The Circuit Court noted that the test is conjunctive; i.e., a state-law cause of action is preempted only if both prongs of the test are satisfied.
The Circuit Court of Appeals ruled that:

1. An “in-network” health care provider may receive a valid assignment of rights from an ERISA plan beneficiary pursuant to ERISA §502(a)(1)(B)*;

2. Where a provider’s claim involves the right to payment and not simply theamount or execution of payment, i.e.,  where the claim principally implicates coverage and benefit determinations as set forth by the terms of the ERISA benefit plan, and not simply the contractually correct payment amount or the proper execution of the monetary transfer—that claim constitutes a colorable claim for benefits pursuant to ERISA §502(a)(1)(B).

In this instance, said the court, at least some of Montefiore's claims for reimbursement are completely preempted by federal law. However, the Circuit Court noted, the remaining state-law claims are properly subject to the exercise of the District Court’s supplemental jurisdiction.

The decision is posted on the Internet at:

* 1 Section 502(a)(1)(B) provides, in relevant part: A civil action may be brought -- (1) by a participant or beneficiary -- (B) to recover benefits due to him [or her] under the terms of his [or her] plan, to enforce his [or her] rights under the terms of the plan, or to clarify his [or her] rights to future benefits under the terms of the plan.

Creating and abolishing a temporary position

Creating and abolishing a temporary position
Wilson v Madison-Oneida BOCES, 268 AD2d 625

Frequently a public employer will establish a temporary position to handle a particular need that is expected to be resolved in a relatively short period. The Wilson case addresses the creation and abolishment of temporary positions and the rights of individuals appointed to such temporary positions.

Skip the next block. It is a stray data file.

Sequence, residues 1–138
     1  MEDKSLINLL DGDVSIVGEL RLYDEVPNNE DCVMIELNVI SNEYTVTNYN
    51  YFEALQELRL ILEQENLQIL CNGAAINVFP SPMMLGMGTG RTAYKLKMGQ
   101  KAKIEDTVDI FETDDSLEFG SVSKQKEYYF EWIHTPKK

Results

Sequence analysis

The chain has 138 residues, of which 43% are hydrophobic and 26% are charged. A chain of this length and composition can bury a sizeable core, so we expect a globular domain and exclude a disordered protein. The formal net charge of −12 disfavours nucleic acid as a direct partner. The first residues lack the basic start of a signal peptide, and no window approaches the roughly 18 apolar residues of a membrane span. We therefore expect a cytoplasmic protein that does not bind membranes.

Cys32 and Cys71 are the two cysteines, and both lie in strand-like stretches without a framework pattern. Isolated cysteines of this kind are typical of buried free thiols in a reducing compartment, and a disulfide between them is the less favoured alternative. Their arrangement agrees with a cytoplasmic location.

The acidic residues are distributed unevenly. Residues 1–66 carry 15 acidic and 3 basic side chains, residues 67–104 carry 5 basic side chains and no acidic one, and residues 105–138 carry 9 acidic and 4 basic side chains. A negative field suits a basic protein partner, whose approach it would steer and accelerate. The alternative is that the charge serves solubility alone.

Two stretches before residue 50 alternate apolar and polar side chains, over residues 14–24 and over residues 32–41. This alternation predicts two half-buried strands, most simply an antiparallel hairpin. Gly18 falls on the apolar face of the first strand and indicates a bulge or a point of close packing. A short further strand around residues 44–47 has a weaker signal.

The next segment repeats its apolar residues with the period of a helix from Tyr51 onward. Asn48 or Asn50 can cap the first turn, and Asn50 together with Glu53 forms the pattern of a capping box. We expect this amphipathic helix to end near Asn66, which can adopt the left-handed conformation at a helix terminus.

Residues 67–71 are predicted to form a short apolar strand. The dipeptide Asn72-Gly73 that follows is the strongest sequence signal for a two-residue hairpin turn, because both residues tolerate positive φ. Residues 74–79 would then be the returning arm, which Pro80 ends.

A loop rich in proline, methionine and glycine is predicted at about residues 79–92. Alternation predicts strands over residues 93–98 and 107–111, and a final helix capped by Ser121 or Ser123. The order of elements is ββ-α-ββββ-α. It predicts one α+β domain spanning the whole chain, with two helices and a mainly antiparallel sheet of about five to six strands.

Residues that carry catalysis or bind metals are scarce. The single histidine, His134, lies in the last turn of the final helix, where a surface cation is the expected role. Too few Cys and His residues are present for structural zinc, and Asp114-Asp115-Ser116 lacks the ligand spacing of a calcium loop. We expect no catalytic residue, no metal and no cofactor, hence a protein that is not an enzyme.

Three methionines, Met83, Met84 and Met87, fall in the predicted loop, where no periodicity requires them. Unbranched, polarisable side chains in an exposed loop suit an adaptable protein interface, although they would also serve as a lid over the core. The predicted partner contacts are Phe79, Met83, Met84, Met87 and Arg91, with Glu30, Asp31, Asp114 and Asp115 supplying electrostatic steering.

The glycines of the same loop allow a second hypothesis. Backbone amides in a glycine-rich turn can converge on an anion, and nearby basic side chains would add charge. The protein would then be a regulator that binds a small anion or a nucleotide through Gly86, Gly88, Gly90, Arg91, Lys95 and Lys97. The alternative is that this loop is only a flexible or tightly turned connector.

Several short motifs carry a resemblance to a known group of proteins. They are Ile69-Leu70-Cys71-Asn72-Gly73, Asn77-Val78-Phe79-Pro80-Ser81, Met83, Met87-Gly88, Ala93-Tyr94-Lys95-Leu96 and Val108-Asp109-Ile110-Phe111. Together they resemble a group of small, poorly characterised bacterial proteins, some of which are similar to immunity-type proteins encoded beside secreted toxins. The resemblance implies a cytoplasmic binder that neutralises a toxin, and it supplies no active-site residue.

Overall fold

The Madison-Oneida BOCES appointed Dana Wilson as “temporary clerk of the works” to perform construction oversight services for the Cazenovia Central School District and the Stockbridge Valley Central School District. The item was established as a temporary position in the civil service.*

BOCES initially wrote to Wilson telling him that his appointment was effective February 9, 1996 and would run through June 30, 1996. He was to be compensated at an annual salary rate of $40,000. BOCES later wrote Wilson advising him that he was appointed “temporary clerk of the works” for the period July 1, 1996 through June 30, 1997 at the same rate of compensation.

When the work at Cazenovia was nearing completion, Wilson commenced working at Stockbridge. When Stockbridge’s project was shut down due to poor weather conditions, Stockbridge asked BOCES to “adjust its contract” for clerk of the works services. As a result, BOCES abolished Wilson’s position effective January 17, 1997 and discontinued his employment.